Security is an ongoing cycle of a proverbial bigger bullet versus tougher armor. The perpetual cat and mouse game is not just true of security in the conventional means (like a police station or a military installation) but IT security, fraud prevention, and so forth. Hospitals, financial firms, insurance agencies… virtually every business has some sort of responsibility to keep their clients secure.

 

Including call centers. Call centers house a considerable amount of data from a very wide customer base. Regardless of the type of call center, bypassing security is fairly easy, as long as it involves the human potential for error. Even verifying information, such as a PIN, address, or telephone number can be relatively easy for an experienced fraudster. Moreover, someone intent on obtaining information can call several places and piecemeal small bits of information together for the big picture.

 

Until now.
Call Center Fraud
Voice Biometrics is a developing industry for call center authentication. While the technology is still being adopted in a systematic fashion by call centers, the accuracy is truly remarkable. This minimizes the human margin of error, which is the most frequent (although inadvertent) means to releasing sought-after information. Having this type of software can drastically increase the effect of safety in an age where hackers are increasingly clever.

 

Using this level of sophistication provides an increased layer of security. While voice biometrics isn’t fool proof, it is still considerably easier to convince a person, rather than an in-depth data analysis, of a fraudulent person’s innocence – thus obtaining information. And this is the heart of the benefit.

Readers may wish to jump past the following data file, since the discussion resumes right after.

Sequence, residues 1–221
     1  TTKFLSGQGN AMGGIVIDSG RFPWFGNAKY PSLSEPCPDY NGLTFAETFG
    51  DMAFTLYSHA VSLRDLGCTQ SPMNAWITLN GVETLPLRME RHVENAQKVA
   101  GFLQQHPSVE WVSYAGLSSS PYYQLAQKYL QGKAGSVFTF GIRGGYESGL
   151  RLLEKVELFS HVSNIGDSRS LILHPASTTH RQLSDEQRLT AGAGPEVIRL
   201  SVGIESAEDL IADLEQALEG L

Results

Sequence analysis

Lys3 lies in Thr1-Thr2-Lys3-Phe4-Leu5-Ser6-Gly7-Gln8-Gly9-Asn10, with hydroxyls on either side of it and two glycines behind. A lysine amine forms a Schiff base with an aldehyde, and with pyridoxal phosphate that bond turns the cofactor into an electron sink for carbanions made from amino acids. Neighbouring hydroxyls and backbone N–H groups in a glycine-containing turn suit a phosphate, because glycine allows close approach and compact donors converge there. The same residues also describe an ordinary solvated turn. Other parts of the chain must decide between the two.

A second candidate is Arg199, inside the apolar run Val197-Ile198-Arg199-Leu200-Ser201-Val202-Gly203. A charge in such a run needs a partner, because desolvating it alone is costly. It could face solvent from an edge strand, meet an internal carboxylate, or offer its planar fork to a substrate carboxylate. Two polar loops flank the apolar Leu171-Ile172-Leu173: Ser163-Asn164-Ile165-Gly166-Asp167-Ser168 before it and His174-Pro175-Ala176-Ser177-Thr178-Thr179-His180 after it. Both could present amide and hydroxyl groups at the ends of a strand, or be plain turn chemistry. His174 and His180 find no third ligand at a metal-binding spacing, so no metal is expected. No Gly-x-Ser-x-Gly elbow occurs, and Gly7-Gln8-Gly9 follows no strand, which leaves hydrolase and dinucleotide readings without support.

How Does it Work?

 

A voice biometric analyzes two separate components: physiological, which is the actual voice and pitch, and the accent. Elaborate software compares the two to previous analysis provided by the customer, and can distinguish even the most subtle differences that humans cannot. It provides a very safe and effective means of authentication that, paired with other methods, mitigates the risk of a security breach considerably.

 

It can also integrate with unified communications as well as other speech recognition software to provide a fully secured configuration. Unified communications provide an exceptionally efficient method for general communication, in part because of its versatility.
Call Center Fraud
Voice biometrics is not meant to be used as an exclusive means to manage security. Quite the opposite: they are designed to be an augmentation for additional support. There will always be a level of human error, as well as a multi-layered necessity for security. Increasingly, mobile support (e.g. confirmation codes) is used for confirmation and verification. This limits fraud considerably.

 

But what about fraudulent activities that use both the internet and phone calls? Some hackers use online information to call in to a business, and vice versa. This provides all the more reason to use some sort of uniquely identifiable material, like voice biometrics, that cannot easily be spoofed. Even a Man in the Middle attack will not be able to duplicate it. For online information, it’s wise to use multiple passwords to multiple sites, and keep information (such as your bank name) off social media statuses and tweets.

 

Conclusion

 

Voice biometrics offer a very unique, secure, and readily identifiable means to authenticate your account. Moreover, if someone calls in pretending to be you, their voice can be saved, recorded, and analyzed for the entire company so future access to information will be denied. This powerful and effective means of security is on the rise, and will likely become a standard, integrated part of call center security.